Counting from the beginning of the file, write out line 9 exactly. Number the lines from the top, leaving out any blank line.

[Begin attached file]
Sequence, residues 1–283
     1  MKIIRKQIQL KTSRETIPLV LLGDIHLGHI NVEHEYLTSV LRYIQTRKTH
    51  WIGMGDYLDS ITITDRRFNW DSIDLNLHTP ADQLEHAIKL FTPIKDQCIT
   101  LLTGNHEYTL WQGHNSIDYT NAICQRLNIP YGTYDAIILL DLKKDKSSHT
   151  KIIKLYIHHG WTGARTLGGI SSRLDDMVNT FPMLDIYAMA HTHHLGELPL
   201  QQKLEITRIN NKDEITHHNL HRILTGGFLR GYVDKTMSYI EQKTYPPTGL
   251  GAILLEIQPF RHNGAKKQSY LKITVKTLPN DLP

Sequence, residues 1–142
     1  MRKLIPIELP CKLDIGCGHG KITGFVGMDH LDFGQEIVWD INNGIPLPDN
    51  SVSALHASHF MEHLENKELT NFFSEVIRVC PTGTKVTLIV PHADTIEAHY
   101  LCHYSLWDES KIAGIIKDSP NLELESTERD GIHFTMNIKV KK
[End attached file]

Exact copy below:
     1  MRKLIPIELP CKLDIGCGHG KITGFVGMDH LDFGQEIVWD INNGIPLPDN